Perspective is a gift from God. I was recently reminded (see C.J. Mahaney’s message on this page) of the perspective of the Apostle Paul when he wrote to the not so impressive church at Corinth. Paul begins 1 Corinthians with these words: “I give thanks to my God always for you because of the grace of God that was given you in Christ Jesus” (1:4). Paul exhibits an attitude of thankfulness even with the unruly and disobedient Corinthians. Paul identifies evidences of grace in the Corinthian church when some (like me!) might only see their glaring deficiencies. This perspective issues from a pastoral heart of humility and an amazing dependence on the grace of God.
David Nelson, has recently displayed similar perspective regarding the Southern Baptist Convention. I am guilty of often going directly to the areas of struggle and failure in the SBC, and disregarding the God-given victories in the seminaries, churches and mission fields. So, the title of this post is not a misprint. I am not asking what is WRONG with the SBC, but wanting to direct your attention to what is RIGHT and what is moving in a RIGHT and biblical direction. You can see encouraging examples of this here, here and here.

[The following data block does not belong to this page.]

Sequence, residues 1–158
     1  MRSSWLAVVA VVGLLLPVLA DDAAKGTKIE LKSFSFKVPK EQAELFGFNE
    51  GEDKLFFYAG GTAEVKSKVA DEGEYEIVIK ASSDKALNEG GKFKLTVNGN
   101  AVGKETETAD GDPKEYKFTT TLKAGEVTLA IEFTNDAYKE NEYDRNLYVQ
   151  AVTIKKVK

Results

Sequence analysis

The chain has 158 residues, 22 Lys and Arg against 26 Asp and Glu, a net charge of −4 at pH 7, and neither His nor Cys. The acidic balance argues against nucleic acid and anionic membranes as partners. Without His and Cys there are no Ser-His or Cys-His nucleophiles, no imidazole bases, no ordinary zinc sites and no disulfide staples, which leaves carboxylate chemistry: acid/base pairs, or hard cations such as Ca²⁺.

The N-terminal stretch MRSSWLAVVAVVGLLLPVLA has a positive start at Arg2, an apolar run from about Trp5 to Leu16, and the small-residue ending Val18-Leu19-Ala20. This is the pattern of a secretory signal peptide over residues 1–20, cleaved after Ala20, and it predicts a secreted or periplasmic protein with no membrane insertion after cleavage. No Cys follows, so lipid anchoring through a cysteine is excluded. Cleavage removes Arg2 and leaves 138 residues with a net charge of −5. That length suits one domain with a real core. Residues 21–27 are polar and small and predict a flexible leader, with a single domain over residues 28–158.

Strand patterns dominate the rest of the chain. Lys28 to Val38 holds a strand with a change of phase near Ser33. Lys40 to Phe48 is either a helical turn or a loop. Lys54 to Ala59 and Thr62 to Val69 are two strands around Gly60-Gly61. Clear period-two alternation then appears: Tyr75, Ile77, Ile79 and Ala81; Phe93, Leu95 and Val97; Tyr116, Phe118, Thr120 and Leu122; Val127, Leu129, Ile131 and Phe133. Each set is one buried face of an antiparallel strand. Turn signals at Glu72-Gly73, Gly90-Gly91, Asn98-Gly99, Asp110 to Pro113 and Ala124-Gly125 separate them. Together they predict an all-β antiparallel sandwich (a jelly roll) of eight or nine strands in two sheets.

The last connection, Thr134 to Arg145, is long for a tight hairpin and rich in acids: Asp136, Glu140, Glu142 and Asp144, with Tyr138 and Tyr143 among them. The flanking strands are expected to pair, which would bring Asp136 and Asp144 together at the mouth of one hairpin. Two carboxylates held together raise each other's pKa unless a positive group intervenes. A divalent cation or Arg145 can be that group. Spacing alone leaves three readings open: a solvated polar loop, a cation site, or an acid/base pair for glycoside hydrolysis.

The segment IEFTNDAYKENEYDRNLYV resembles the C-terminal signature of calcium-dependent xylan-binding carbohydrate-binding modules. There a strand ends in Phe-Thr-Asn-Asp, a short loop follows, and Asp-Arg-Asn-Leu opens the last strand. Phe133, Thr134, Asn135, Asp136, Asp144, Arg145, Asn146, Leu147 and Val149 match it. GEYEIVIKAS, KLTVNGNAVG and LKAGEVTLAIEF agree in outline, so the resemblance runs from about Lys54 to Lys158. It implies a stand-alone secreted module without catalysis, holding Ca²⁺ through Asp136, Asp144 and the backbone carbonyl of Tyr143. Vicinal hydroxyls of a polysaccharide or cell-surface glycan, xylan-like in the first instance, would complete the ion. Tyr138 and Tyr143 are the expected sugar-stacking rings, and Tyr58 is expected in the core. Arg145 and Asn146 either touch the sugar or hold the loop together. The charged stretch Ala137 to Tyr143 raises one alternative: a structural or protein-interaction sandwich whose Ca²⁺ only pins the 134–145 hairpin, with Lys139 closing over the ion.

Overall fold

This week at my church, we will be talking to people who are wanting to join our church about why we are Southern Baptist. I would submit to you that we are Southern Baptist because of all the things that are RIGHT in the SBC, like a cooperative effort to send missionaries across the globe, a commitment to the inerrancy of the Scriptures and a desire to see young men and women trained for long, fruitful ministries in local churches across the country. Don’t get me wrong, the SBC has it’s work cut out for improvement, repentance and change (like the Corinthians did). But should we throw the baby out with the bath water? We can still give glory to God for all that is RIGHT in the SBC.
For more encouragement on this topic, put this blog on your google reader! Contributers to Between the Times are:
Danny Akin, the president of Southeastern Baptist Theological Seminary, Bruce Ashford, the director of the Lewis A. Drummond Center for Great Commission Studies and associate professor of philosophy and intercultural studies at Southeastern Baptist Theological Seminary, Nathan Finn, an assistant professor of church history at Southeastern Baptist Theological Seminary, Kenneth Keathley, the dean of graduate studies and professor of theology at Southeastern Baptist Theological Seminary and David Nelson the senior vice president for academic administration and dean of the faculty at Southeastern Baptist Theological Seminary.